Historic Glass Bottles. Bill Lindsey of the BLM created a tremendous resource to assist you in identifying and dating most utilitarian glass bottles and jars produced in the United States and Canada between the early 1800s and 1950s. Check out information on glassmaking, bottle dating, and bottle types. Of particular interest to me are the pages on liquor, wine, and beer bottles.
posted by monju_bosatsu on Oct 7, 2006 - 14 comments

folkstreams.net - A National Preserve of Documentary Films about American Roots Cultures

Folkstreams.net has two goals. One is to build a national preserve of hard-to-find documentary films about American folk or roots cultures. The other is to give them renewed life by streaming them on the internet. The films were produced by independent filmmakers in a golden age that began in the 1960s and was made possible by the development first of portable cameras and then capacity for synch sound. Their films focus on the culture, struggles, and arts of unnoticed Americans from many different regions and communities. The filmmakers were driven more by sheer engagement with the people and their traditions than by commercial hopes. Their films have unusual subjects, odd lengths, and talkers who do not speak "broadcast English." Although they won prizes at film festivals, were used in college classes, and occasionally were shown on PBS, they found few outlets in venues like theaters, video shops or commercial television. But they have permanent value...
folkstreams.net Currently streaming are the films The Land Where the Blues Began , Cajun Country , Jazz Parades: Feet Don't Fail Me Now , Talking Feet: Solo Southern Dance: Buck, Flatfoot and Tap , Ray Lum: Mule Trader and Pizza Pizza Daddy-O , among many others.
posted by y2karl on Oct 6, 2006 - 14 comments

The black and white world of photojournalist Arthur Grace

Arthur Grace has a distinguished career as a photojournalist who works in black and white. Although not limited to U.S. work, he excels in Americana. His portfolios are fun to surf - here's a sampling that I liked: window washer, the Hatt family of Maine, Cheer Squad, and Prisoner, Adelaide Jail. Oh, and whatever you do - don't miss the Show Dogs, heh. [more]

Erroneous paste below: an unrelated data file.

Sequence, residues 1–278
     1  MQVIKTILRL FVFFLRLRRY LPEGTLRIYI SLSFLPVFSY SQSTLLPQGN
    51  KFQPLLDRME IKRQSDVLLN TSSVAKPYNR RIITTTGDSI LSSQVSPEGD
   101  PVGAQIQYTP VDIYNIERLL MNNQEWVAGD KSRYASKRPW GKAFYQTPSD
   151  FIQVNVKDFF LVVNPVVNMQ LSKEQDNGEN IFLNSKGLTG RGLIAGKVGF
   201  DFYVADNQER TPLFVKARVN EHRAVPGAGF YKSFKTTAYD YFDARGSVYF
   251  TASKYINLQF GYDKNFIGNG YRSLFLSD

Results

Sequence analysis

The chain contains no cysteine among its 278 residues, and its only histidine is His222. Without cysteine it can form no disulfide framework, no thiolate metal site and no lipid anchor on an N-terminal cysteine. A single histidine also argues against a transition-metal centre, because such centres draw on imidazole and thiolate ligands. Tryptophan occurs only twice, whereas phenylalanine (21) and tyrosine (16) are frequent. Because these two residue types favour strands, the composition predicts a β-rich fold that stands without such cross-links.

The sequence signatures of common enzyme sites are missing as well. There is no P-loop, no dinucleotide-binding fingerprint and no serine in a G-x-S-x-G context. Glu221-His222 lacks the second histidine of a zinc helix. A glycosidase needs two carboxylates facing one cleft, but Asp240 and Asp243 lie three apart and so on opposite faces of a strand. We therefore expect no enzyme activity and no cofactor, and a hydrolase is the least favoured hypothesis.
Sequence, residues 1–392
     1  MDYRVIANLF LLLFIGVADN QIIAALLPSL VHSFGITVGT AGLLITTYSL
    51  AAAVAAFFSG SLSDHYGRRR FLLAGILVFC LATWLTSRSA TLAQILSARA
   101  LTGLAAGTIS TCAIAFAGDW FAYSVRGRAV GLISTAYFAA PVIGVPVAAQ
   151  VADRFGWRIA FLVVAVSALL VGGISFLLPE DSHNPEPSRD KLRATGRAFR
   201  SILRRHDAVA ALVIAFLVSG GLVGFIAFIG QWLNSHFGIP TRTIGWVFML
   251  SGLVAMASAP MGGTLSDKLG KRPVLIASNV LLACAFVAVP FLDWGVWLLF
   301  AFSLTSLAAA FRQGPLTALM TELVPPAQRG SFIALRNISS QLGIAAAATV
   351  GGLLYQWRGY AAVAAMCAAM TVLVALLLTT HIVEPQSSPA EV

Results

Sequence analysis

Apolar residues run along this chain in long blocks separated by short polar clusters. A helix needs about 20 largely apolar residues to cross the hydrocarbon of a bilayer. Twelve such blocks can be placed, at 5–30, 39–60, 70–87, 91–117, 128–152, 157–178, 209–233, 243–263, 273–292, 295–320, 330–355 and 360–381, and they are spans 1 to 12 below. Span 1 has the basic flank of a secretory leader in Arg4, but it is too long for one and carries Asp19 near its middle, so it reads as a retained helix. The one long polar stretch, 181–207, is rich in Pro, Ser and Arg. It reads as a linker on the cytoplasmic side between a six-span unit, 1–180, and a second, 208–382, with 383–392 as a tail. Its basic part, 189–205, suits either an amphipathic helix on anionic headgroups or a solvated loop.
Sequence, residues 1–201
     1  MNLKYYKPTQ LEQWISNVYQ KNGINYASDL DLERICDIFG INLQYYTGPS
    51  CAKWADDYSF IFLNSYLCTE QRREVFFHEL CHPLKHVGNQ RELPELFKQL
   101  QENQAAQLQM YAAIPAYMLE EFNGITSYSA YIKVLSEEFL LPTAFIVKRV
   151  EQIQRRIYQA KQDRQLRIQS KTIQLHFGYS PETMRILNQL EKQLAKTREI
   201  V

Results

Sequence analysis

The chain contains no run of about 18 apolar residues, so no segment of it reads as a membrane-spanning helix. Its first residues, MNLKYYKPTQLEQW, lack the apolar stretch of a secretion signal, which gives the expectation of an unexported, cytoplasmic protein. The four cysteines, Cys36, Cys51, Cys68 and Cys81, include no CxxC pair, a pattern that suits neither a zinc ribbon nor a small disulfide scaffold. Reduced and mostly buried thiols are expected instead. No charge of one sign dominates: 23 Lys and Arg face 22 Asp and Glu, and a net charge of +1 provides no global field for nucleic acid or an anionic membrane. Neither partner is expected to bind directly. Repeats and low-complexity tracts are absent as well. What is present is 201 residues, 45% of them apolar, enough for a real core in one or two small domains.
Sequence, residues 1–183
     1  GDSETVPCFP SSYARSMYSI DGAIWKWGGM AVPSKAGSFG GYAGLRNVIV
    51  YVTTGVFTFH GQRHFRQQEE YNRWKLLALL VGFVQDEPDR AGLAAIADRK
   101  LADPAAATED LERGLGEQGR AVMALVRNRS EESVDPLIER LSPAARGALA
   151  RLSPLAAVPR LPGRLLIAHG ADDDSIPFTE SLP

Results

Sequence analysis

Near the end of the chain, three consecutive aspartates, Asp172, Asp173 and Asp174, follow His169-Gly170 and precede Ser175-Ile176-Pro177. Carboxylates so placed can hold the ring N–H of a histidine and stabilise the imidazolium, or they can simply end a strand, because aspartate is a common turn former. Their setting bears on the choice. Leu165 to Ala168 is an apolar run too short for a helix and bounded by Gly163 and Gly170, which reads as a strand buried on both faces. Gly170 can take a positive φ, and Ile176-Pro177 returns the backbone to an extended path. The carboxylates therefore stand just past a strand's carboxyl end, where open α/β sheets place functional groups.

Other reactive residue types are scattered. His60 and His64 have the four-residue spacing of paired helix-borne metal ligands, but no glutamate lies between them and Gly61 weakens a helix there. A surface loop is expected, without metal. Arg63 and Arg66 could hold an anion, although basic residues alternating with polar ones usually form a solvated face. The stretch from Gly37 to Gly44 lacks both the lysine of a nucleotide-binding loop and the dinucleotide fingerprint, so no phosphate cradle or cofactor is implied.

posted by madamjujujive on Aug 13, 2006 - 9 comments

i was standing by the window

Made most popular to many Americans as the closing song for the Grand Ole Opry programs, Will The Circle Be Unbroken was written in 1907 by Ada Habershon, an intensely religious young woman and acquaintance of Dwight Moody and Ira David Sankey. The music was "composed" by Charles Gabriel, a popular songwriter and composer of the era who is often solely credited with the song, but while he may have put the notes down on paper, the tune itself already existed as the African-American spiritual Glory Glory / Since I Laid My Burden Down. [lots more inside]
posted by luriete on May 26, 2006 - 18 comments

take THAT Montgomery Ward!

The Zobo! Spanish-American Chess Men! Where can you find these amazing products, including Sanitary Belt Pads the Toilet Mask, or a handy goat harness, at amazing, rockbottom prices? The Sears, Roebuck Catalog, of course. Everything you could need for the modern American family! They did houses (1, 2) even. Starting in 1888 and mostly selling watches, this venerable institution of consumerism spent its first 10 years rapidly growing and adding products, lasting for over 100 years before finally folding in 1993. The catalog still stands as a detailed historical document of what the average American would buy to get through life. They make a fun collector's item, too (1902 available on CD-ROM as well). [ This post inspired by the 1902 Sears, Roebuck Catalog blog. ]
posted by tweak on May 26, 2006 - 11 comments

"Ten Favorite Offbeat Musicals"

"Ten Favorite Offbeat Musicals" by Jonathan Rosenbaum
posted by matteo on Apr 4, 2006 - 30 comments

Rattlesnakes, rattlesnacks

Sweetwater Texas Rattlesnake Roundup! An annual tradition since 1958, people from miles around come to look at the thousands of collected rattlesnakes, join in the hunting, watch them get milked, killed, and skinned, and then eat them. Check out Chris Hamilton's engaging b&w photo essay.